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Netanyahu trial: Key testimony by former aide postponed to next week

CM 16/11/2021

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The Jerusalem District Court decided on Tuesday to postpone the testimony of Nir Hefetz, a state prosecution star witness and former top aide to former prime minister Benjamin Netanyahu, until Monday of next week.
Netanyahu himself attended the hearing –the first time he has attended since April.
The decision came after a last minute twist Monday afternoon where the defense asked the court to postpone Hefetz’s testimony by one week after the prosecution disclosed it had collected surprising new testimony from Case 1000 witness Hadas Klein.

The prosecution said that Klein approached them on October 13 with new evidence against Netanyahu, which multiple media reports said related to jewelry worth tens of thousands of shekels which Sara Netanyahu requested from Klein’s boss, billionaire Arnon Milchin and billionaire James Packer.
Netanyahu’s spokesman rejected the new allegations as inaccurate and also noted a motion his lawyers filed to the court against the prosecution and law enforcement for alleged improper leaks to the media.
Because Klein’s testimony relates to the Illegal Gifts Affair and not to Case 4000, the court could have proceeded with Hefetz as planned.

 Former Israeli prime minister Benjamin Netanyahu (C) arrives for a court hearing on corruption charges, on November 16, 2021 in Jerusalem. (credit: JACK GUEZ/AFP VIA GETTY IMAGES) Former Israeli prime minister Benjamin Netanyahu (C) arrives for a court hearing on corruption charges, on November 16, 2021 in Jerusalem. (credit: JACK GUEZ/AFP VIA GETTY IMAGES)

However, under heavy pressure from the defense to give them a postponement to have time to see the new evidence and to be ready for any connection between that evidence and Hefetz’s testimony, the judges chose the path of least resistance and granted the one week delay.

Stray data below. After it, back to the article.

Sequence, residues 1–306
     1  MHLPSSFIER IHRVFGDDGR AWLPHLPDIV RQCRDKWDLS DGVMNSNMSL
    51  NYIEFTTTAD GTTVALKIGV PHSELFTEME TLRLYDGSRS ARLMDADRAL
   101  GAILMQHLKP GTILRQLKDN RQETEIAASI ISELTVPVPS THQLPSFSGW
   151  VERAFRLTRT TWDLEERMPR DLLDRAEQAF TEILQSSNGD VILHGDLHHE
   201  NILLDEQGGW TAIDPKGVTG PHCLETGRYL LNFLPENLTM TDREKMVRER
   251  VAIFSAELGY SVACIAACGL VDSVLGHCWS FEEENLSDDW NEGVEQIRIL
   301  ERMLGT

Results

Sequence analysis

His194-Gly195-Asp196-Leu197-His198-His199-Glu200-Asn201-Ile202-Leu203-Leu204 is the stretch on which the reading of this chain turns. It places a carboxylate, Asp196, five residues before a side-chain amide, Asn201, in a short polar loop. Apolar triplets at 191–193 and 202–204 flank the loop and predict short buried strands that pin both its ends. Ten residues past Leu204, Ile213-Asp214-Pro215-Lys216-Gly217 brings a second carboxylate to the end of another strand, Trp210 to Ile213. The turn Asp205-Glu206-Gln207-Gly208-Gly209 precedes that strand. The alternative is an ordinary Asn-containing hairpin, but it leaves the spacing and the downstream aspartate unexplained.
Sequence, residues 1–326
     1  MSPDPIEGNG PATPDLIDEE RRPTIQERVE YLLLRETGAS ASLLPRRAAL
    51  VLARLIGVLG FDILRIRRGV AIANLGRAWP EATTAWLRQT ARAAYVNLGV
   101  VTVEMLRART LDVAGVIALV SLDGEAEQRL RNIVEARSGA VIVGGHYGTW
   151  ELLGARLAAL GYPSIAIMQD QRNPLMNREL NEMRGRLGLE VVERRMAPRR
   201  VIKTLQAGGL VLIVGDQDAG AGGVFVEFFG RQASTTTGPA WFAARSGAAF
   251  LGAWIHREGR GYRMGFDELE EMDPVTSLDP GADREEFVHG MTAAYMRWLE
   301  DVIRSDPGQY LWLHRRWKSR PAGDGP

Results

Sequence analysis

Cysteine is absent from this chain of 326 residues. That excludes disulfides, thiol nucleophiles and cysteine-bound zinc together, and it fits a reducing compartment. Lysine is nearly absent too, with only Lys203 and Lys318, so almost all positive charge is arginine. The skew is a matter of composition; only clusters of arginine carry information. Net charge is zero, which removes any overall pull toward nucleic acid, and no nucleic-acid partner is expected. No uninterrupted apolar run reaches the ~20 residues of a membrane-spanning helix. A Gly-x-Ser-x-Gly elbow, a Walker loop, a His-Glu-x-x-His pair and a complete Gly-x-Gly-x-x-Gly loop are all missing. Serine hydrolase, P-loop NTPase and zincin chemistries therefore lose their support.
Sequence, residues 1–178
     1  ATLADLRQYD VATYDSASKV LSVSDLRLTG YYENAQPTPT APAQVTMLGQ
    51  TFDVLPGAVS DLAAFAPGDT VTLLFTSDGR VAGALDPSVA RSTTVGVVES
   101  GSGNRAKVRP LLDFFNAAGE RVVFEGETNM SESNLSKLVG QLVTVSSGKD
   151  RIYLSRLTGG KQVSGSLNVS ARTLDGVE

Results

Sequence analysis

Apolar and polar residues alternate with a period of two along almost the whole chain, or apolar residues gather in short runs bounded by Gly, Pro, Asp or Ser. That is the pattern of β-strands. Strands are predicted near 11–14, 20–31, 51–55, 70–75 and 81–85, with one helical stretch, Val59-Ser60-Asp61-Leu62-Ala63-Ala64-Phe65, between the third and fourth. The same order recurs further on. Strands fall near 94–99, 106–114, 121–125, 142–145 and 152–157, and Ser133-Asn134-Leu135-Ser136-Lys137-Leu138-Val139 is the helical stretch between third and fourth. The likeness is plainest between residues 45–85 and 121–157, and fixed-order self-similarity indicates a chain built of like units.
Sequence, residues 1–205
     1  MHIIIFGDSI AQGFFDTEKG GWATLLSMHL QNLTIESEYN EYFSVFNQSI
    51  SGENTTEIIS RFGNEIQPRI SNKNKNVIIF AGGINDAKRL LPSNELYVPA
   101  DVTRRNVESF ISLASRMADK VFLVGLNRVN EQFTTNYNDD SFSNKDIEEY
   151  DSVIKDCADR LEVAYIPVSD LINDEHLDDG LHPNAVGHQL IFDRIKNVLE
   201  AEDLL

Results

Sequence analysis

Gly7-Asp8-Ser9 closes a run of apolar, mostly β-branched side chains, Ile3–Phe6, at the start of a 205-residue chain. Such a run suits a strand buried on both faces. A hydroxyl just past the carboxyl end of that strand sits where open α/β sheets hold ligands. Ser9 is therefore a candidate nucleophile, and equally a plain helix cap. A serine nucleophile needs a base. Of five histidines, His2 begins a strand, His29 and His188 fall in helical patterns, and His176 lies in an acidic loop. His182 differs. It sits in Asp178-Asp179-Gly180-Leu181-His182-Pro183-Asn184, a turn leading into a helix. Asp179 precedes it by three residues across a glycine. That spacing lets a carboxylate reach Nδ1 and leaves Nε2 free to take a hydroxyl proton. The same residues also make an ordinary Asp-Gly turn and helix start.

Earlier at the Tuesday hearing, the judges’ questions indicated they wanted to continue with Hefetz’s testimony and would just instruct the prosecution not to ask any questions about Case 1000.
But once the defense lawyers accused the prosecution of virtual “violence” in legal terms of the fairness of the process, the judges appeared shaken and ended up agreeing to the delay.
Some call Hefetz the most critical witness in the whole trial because he is one of only two witnesses who can point the finger directly at Netanyahu on media bribery charges for the all-important Case 4000, the Bezeq-Walla Affair.
However, the other witness, another former top Netanyahu aide, Shlomo Filber, will mostly provide narrative only on the Communications Ministry side of the affair, whereas Hefetz is able to connect the dots on both the Communications Ministry side and the Walla media side.
Put simply, Hefetz is expected to testify that Netanyahu gave him orders dozens of times over multiple years in 2013-2016 to order former Walla CEO Ilan Yeshua to direct coverage as the former prime minister wanted. Further, he will say that Netanyahu gave him orders to ensure that Communications Ministry policy benefitted Bezeq and Walla owner Shaul Elovitch. 
According to the amended indictment, from January 17 to 19, 2013 – days before the January 22, 2013 election – Netanyahu, through middleman Zeev Rubinstein, made no fewer than six demands for Elovitch to influence media coverage positively for him and negatively relating to Naftali Bennett and the Bayit Yehudi Party.
By March 2014, Hefetz, Sara Netanyahu and the prime minister himself got much more personally involved in passing on messages.While there have been many important witnesses to date, especially Yeshua and former communications ministry director-general Avi Berger, Hefetz was closer to the prime minister than any of them.
Hefetz served for years as not only Netanyahu’s spokesman, but often his intermediary for complex tasks and cleanups in gray areas, including dealing with sensitive issues relating to Sara Netanyahu.
Until February 2018, Hefetz maintained his and Netanyahu’s innocence.
However, once he was arrested, held in detention and pressured on a variety of fronts, including regarding an alleged romantic connection to a third party woman who was not his wife (whose identity is under gag order), he agreed to a plea deal to testify against Netanyahu in exchange for immunity.
Netanyahu has attacked Hefetz as a turncoat who cannot be trusted and was simply parroting what the prosecution asked of him to save his own skin.